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Travis Barker’s Pancreatitis | MedPage Today


Musician Travis Barker, most famously known as the drummer for Blink-182, was recently hospitalized with a severe case of acute pancreatitis.

“I went in for an endoscopy Monday feeling great,” Barker wrote in an Instagram Story. “But after dinner, I developed excruciating pain and have been hospitalized ever since. During the endoscopy, I had a very small polyp removed right in a very sensitive area, usually handled by specialists, which unfortunately damaged a critical pancreatic drainage tube. This resulted in severe life-threatening pancreatitis. I am so very very grateful that with intensive treatment I am currently much better.”

Barker was discharged on July 4. According to People, via a source close to Barker, he is “slowly on the mend and closely following his doctors’ orders.”

Pancreatitis

Acute pancreatitis is an inflammatory response to injury of the pancreas. It accounts for approximately 275,000 hospitalizations per year in the U.S. The majority of patients (approximately 80%) have mild disease and can be discharged within a few days. The overall mortality rate from acute pancreatitis is estimated to be about 2%.

Chronic pancreatitis, which has an annual incidence of 5 to 12 per 100,000 people, can result in permanent damage to the pancreas’s exocrine and endocrine functions. It most often develops between the ages of 30 and 40 years, and occurs more commonly in men and African Americans.

Etiology

The most common causes of acute pancreatitis in the U.S. are gallstones and alcohol use. Less common causes include autoimmune pancreatitis, hypertriglyceridemia, post-endoscopic retrograde cholangiopancreatography (ERCP), genetic risk, pancreatic duct injury, and use of certain medications, including azathioprine, 6-mercaptopurine, didanosine, valproic acid (Depakene), angiotensin-converting enzyme inhibitors, and mesalamine.

The pathogenesis of acute pancreatitis is believed to be the result of pancreatic duct and acinar injury. Improper secretion of pancreatic digestive enzymes leads to auto-digestion and inflammation. Gallstones can cause temporary obstruction of the pancreatic duct, leading to leakage of digestive enzymes. Alcohol use can cause direct toxicity to pancreatic cells, as well as stimulation of an immune response.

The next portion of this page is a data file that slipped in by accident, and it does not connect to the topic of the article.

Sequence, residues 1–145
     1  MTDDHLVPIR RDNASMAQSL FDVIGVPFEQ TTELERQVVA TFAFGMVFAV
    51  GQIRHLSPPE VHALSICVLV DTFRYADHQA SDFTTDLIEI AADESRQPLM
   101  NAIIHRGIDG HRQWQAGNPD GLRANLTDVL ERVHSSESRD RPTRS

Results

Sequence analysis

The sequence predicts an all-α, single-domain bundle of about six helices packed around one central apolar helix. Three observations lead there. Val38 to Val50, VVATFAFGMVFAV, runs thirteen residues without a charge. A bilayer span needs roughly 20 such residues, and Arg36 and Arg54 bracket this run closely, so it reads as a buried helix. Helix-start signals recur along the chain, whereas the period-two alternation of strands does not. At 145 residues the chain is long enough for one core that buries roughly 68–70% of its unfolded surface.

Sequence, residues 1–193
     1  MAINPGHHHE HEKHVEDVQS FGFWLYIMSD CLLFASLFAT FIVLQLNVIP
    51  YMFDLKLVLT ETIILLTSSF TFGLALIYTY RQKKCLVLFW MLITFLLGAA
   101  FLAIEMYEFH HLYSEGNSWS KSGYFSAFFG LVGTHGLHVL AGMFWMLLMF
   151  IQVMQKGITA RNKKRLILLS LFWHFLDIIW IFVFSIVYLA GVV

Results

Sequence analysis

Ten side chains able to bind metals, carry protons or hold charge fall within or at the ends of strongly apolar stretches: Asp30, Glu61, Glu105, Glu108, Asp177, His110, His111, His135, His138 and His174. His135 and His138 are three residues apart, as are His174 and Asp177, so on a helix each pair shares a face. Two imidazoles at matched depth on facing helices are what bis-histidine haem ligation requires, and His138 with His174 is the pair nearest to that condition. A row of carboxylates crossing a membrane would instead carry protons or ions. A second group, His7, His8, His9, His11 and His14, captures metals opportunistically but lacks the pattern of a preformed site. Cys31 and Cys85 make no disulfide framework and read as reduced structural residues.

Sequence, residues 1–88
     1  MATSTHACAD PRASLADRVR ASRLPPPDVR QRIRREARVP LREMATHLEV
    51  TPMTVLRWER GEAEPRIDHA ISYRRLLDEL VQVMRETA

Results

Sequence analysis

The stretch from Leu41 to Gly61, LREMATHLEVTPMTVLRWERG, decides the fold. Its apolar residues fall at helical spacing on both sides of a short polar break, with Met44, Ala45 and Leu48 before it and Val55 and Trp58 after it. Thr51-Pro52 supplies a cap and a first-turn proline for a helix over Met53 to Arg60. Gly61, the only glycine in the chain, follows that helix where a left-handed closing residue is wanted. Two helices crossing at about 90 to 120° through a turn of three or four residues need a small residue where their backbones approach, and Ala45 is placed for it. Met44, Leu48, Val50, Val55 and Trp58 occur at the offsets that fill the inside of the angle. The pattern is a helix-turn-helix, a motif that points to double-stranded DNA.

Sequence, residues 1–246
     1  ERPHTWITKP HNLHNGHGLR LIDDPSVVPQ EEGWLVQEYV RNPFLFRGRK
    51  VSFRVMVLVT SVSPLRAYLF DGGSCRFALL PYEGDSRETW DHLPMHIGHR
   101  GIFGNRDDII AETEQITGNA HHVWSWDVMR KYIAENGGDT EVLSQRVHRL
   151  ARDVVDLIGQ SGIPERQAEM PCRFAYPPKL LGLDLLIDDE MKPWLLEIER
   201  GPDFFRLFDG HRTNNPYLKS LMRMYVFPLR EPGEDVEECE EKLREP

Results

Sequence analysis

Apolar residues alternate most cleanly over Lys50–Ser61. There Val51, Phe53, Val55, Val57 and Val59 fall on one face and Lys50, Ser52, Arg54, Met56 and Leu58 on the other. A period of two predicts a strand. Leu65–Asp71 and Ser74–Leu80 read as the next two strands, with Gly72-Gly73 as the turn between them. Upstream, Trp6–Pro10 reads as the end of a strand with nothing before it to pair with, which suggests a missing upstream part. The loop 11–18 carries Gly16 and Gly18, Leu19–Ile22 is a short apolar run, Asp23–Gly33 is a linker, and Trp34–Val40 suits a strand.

In chronic pancreatitis, repetitive acute attacks cause inflammatory infiltrates and fibrosis, which can ultimately lead to pancreatic insufficiency, as well as diabetes.

Symptoms

Abdominal pain is the primary symptom for patients with acute or chronic pancreatitis. For those with acute pancreatitis, the pain begins either slowly or suddenly in the upper abdomen and will sometimes radiate to the back. It can be mild or severe and can last for several days. Other symptoms include fever, nausea and vomiting, rapid heartbeat, and/or a swollen or tender abdomen.

Those with chronic pancreatitis may feel pain in the upper abdomen, although some will have no pain at all. The pain can radiate to the back and can become constant and severe. The abdominal pain can diminish as the patient’s condition becomes more severe. Pain is often worse after eating. Other symptoms may include diarrhea, nausea, vomiting, greasy foul-smelling stools, and weight loss.

Diagnosis

Clinicians should conduct a thorough medical history and physical exam, as well as lab and imaging tests if needed.

Bloodwork consistent with pancreatitis includes elevations in amylase, lipase, glucose, and lipid levels, and elevations in white blood count.

Useful imaging tests include ultrasound (which can pick up gallstones), CT scan, and magnetic resonance cholangiopancreatography.

Treatment

Treatment for pancreatitis includes IV hydration (and oral hydration, if tolerated), pain medications, antibiotics (if an infection is present), a low-fat diet, and nutritional support.

If gallstones are present, surgery may be recommended for their removal or for removal of the entire gallbladder. Abscesses or pseudocysts may be drained if present.

For patients with acute pancreatitis and acute cholangitis, an urgent ERCP may be recommended. This procedure can treat narrowing or blockage of a bile or pancreatic duct and can also remove gallstones blocking the ducts.

Acute Pancreatitis After GI Endoscopy

In Barker’s case, his pancreatitis is said to have been caused by a complication from an endoscopy. How common is this?

According to the literature, acute pancreatitis is the most common complication of ERCP, and is referred to as post-ERCP pancreatitis (PEP). The risk of PEP may be dependent on pancreatic volume (with a large volume identified as higher risk). It may also be more common in cases in which a pancreatic duct guidewire is used in difficult cannulation cases.

Emerging therapies to prevent PEP include rectal NSAIDs, indomethacin or diclofenac, aggressive IV Ringer’s Lactate hydration, and sublingual nitrate.

The incidence of acute pancreatitis in patients undergoing non-ERCP endoscopy is much lower. While some case reports of patients who developed pancreatitis after colonoscopy have been presented, with some of the procedures being described as “difficult,” others were considered “routine.” The pathophysiology of these cases is unclear.

Michele R. Berman, MD, is a pediatrician-turned-medical journalist. She trained at Johns Hopkins, Washington University in St. Louis, and St. Louis Children’s Hospital. Her mission is both journalistic and educational: to report on common diseases affecting uncommon people and summarize the evidence-based medicine behind the headlines.



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